USPS and Political Direct Mail: Changes for 2014

by The Campaign Workshop

Postal trucks

TCW Guide to Postal Changes by USPS for Political Direct Mail, 2014

If you make use of USPS for political direct mail, there are some important changes happening with the United States Postal Service (USPS) beginning in January 2014. The biggest change is that Full-Service Intelligent Mail is now required for automation pricing (automation pricing gives you discounted postage rates) for First-Class and Standard letters and flat mail as well as Periodicals and Bound Printed Matter.

Full-Service will require Intelligent Mail Barcodes on each mail piece, tray and container. It will also require that documents be submitted to the USPS electronically (eDoc) to identify the submitting party, identify the mail owner, and determine who gets reports. Though, as a policy, our political direct mail at The Campaign Workshop always includes these barcodes, they have technically been optional. As of January, they will be mandatory in order to realize the automation postage discounts. Intelligent Mail Barcodes uniquely identify each piece of mail, allowing for electronic identification and tracking through the postal system.

The second change, and this one is probably far more significant, is that the number of mail processing facilities is going to be reduced from 417 to 250. This consolidation is expected to be complete by the end of 2014. This change by USPS will undoubtedly affect direct mail mail delivery times, though the USPS isn’t saying exactly what changes to delivery timelines we can expect to see. That said, we can certainly expect that some of our political direct mail may be processed further from its final delivery location, resulting in some increased shipping costs and the potential of a few additional days of transport time through the postal system to reach mailboxes.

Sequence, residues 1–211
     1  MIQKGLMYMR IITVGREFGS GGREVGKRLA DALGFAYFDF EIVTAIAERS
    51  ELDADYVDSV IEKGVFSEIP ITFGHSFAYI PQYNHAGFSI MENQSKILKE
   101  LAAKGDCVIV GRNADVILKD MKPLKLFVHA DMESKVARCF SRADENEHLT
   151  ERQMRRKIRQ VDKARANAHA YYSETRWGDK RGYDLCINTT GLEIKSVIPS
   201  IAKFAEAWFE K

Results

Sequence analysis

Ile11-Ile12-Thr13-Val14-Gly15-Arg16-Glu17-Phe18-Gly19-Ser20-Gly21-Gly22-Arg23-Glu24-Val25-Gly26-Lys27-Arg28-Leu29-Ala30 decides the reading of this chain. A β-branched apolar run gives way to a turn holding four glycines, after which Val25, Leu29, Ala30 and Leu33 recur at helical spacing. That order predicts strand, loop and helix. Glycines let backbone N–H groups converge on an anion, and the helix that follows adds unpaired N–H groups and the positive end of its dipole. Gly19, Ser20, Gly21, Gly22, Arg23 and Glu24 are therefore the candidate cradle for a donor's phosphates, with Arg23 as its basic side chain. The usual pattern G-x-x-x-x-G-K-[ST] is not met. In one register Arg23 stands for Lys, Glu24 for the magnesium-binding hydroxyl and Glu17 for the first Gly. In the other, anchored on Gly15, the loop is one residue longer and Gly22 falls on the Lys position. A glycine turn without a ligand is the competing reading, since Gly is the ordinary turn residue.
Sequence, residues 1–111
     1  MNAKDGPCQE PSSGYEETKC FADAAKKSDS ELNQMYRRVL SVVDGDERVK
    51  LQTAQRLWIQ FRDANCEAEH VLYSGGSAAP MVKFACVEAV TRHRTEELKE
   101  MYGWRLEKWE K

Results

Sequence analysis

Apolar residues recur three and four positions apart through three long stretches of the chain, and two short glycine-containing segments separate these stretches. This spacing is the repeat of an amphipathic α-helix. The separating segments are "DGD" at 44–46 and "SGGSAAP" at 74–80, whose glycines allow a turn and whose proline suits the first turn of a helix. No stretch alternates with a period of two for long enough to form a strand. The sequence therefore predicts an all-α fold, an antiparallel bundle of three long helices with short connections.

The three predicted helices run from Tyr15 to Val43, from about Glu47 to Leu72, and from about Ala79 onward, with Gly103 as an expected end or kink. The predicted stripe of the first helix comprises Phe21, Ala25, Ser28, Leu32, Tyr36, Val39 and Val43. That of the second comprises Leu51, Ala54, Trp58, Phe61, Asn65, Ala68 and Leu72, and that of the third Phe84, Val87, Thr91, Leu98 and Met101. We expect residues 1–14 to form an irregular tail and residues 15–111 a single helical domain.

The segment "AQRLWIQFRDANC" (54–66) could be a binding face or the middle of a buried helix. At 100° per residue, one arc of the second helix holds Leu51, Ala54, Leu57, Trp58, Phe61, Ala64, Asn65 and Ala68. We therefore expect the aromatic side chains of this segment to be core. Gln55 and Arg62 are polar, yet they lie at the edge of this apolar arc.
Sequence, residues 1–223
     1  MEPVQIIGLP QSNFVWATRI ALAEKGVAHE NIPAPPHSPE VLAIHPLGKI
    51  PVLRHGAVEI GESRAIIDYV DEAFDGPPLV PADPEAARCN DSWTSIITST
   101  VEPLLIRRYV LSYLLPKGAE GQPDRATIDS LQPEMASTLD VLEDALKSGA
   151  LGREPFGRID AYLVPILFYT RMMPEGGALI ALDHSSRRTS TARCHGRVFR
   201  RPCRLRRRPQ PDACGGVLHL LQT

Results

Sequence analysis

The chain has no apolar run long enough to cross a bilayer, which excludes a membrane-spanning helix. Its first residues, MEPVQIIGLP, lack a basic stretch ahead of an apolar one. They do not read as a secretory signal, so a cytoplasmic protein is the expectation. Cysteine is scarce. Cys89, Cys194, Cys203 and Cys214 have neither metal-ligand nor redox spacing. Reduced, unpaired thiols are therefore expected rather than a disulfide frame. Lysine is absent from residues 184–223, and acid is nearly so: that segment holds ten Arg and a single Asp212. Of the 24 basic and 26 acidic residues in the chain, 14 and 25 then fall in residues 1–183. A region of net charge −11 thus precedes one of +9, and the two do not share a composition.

The USPS is asking all direct mailers to utilize a dual tracking system of both Intelligent Bar Codes and mail seeds to track mail through all phases of mail delivery.  Mail seeds are addresses that are added to your actual mailing list – when the mailer is received at that address, the recipient confirms receipt. Barcodes are only scanned at various SCF facilities, but the last mile of their journey into mailboxes isn’t specifically tracked, that’s where a seed comes in – it helps to confirm that mail has actually hit mailboxes. As with barcoding, our political direct mail includes seeds as a matter of course.

The Campaign Workshop and our partner mail houses will be monitoring these changes through the spring and summer to see how they will affect in-home estimates for the political direct mail that will go out for fall 2014 elections. Do you have more questions about how USPS changes will impact political direct mail? Ask them here.